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Glaxo Smithkline Supply Chain Challenges –Part II

Glaxo Smithkline Supply Chain Challenges –Part II

Glaxo Smithkline (GSK) spends about GBP 800 million to develop a drug. Its efforts and money will go waste unless its customers get the product in time without any defects and have no difficulty in handling the package. In other words, every facet of GSK’s supply chain should be up to the mark. The previous article highlighted some of the supply chain challenges GSK faces. This article illustrates GSK’s response to those supply chain challenges.
Countering Market DynamicsLate pack customisation

To counter the challenge of supplying to a multifaceted US market and low volume niche markets, GSK implemented the late pack customisation programme. While typical production runs were up to 30,000 numbers for cost effectiveness, GSK could effectively produce as low as 100 or 500 packs at a time with this programme. For instance, basic boxes were volume filled with blisters at the pack site and shifted to the two distribution centres in Europe. At these centres, clear labels were printed online with country related information and applied automatically. Even country specific folded leaflets were attached automatically. Quality was ensured with three two-dimensional bar codes, one pre-printed on the box, the other pre-printed on the leaflet and another printed online on the label. Online inspection on the codes could be performed at one go owing to their inline position.

Countering Packaging Complexities
Global Pack Management

With more than 36,000 SKU’s and a six-month life cycle of its products, handling packaging specifications, associated graphics and artwork changes was an enormous task. Standardising the packaging changes was another major obstacle. GSK developed the Global Pack Management (GPM) to handle this complexity (currently in use for its prescription products). The GPM programme focussed on four major issues:

1.Change Standardisation- Packaging changes are standardised using global training and implementation programmes.
2. Developing a pack catalogue- All employees have access to a central and current set of all GSK’s packaging information. This helps foster idea sharing while achieving packaging optimisation simultaneously.
3. Central artwork development: Accordingly, only four centres (strategically chosen at US, UK, Italy and India) were to service the packaging graphic needs of all products. Earlier, 250 centres performed the same activity.
4. Uniform and centralised information technology- This helps streamline workflow. Since all the employees use the same central applications (For example, GSK adopts the graphics industry standard Apple Macintosh computers and software) it ensures uniformity. There are no serious encryption issues, if packaging artwork is transferred between similar standard systems.

Paperless labelling/electronic leaflets

According to FDA regulations, all drug companies in the US must print and attach labels to every product going into the market. So, any label or leaflet change can take up to a year to reflect with pharmacy stores first emptying existing inventory. Working along with the Pharmaceutical Research and Manufacturers of America (PhRMA), GSK has been striving hard to push forward its paperless labelling initiative. The aim of paperless labels and electronic leaflets is to prescribe information to healthcare professionals electronically. This will help instant updation as any change in the leaflet/label is reflected automatically. Patient safety is the ultimate goal of GSK.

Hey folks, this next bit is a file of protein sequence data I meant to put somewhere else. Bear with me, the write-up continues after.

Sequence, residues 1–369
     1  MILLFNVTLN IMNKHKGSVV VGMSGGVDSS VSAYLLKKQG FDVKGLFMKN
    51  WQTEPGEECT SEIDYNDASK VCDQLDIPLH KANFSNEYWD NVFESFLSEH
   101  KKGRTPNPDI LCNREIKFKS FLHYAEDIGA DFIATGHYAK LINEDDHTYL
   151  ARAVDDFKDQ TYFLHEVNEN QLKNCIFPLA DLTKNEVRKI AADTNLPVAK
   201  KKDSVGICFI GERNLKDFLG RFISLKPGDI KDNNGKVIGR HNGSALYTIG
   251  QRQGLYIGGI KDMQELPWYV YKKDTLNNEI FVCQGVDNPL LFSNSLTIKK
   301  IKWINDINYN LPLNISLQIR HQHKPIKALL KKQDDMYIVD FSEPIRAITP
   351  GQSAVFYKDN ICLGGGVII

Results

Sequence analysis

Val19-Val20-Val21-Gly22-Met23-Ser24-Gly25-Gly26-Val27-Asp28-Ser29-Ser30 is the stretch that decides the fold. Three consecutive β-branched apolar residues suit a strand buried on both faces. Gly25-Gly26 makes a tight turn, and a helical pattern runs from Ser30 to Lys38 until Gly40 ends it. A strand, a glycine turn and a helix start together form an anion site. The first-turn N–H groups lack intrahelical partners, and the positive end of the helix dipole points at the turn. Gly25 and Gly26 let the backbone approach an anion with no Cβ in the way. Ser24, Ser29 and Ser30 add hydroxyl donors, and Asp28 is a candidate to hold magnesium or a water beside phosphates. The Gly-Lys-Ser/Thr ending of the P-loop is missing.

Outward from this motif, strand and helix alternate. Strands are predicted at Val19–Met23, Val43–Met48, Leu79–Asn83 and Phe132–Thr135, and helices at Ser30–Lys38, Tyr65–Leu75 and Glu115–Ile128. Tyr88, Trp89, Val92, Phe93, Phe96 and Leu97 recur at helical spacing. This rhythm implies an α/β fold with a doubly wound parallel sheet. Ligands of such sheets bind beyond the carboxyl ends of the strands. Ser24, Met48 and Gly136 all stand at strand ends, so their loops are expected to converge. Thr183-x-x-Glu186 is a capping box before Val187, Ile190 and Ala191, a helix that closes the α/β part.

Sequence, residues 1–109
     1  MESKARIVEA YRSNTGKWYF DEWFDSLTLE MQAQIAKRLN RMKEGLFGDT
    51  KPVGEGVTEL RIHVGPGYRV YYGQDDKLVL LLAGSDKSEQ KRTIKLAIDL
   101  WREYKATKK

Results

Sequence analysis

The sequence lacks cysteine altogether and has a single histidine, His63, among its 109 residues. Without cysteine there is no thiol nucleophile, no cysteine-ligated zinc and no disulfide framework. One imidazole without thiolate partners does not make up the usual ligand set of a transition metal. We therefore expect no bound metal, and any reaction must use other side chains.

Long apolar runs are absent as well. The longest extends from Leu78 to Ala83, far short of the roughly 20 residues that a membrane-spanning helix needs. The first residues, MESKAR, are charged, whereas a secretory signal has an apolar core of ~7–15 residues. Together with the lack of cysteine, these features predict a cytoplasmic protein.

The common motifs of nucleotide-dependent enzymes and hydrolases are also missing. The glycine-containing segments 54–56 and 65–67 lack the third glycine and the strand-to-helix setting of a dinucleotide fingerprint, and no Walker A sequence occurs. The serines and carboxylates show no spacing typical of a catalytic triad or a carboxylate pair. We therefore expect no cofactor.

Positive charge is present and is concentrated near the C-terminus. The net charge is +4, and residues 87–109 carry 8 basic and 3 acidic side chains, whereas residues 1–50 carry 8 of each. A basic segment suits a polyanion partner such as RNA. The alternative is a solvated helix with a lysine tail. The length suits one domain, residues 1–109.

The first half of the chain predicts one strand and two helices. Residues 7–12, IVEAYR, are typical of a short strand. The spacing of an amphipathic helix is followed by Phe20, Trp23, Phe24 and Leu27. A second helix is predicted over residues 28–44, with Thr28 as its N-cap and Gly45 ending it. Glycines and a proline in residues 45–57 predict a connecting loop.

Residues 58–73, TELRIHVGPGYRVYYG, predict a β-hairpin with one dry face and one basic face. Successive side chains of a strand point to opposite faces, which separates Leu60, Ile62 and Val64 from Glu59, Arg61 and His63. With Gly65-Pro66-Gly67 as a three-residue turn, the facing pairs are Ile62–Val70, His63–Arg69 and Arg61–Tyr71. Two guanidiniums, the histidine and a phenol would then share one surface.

Online Printing

GSK is working on developing online printing that matches the speed of the packaging line and prints at the desired quality level. Efforts are on to keep costs of online printing down.

Countering Supplier/Outsourcing issues
GSK realises the importance of finding and qualifying multiple suppliers to avoid any supply disruptions. For instance, for its popular Advair Diskus device, GSK has three suppliers, two in Europe and one in the US. The goal is to have enough capacity globally with all suppliers producing identical components with identical tooling on identical machines. Meeting strict regulations is of prime importance. Communication can play a vital role in establishing coordination among multiple suppliers. GSK uses an electronic CAD package. The CAD package has drawings indicating minor details and any subsequent or ongoing review to every component to overcome communication gaps if any.

Countering Operational/production challenges
GSK limits the number of equipment suppliers to minimise downtime. For instance, on one packaging line it has one supplier Schubert’s four robotic systems. The robots do the cartooning and case packing as well. In response, Schubert offers GSK the benefit of assigning a dedicated team that works for GSK alone. The team also has an office in GSK’s plant itself. Healthy supplier relationships have helped GSK minimise downtime. Moreover, all equipment from a single supplier facilitates a better understanding of the equipment functioning, than having disparate machines for same tasks. Thus training costs are also less.

Furthermore, GSK uses a central TIPS production management system that minimises downtime. The system tracks downtime data allowing for ongoing production improvements. GSK is able to maintain product quality with vision cameras and online inspection using bar code scanners. GSK prefers to be the rapid follower instead of being bleeding edge with respect to technology adoption. Instead of using ‘packaging only’ lines, GSK uses lines, which are integrated to do final assembly and packaging also.

GSK’s efforts as illustrated above have been successful. Organisations can follow its Supplu Chain Management strategies as they truly extend the value of product, packages, plants and people.

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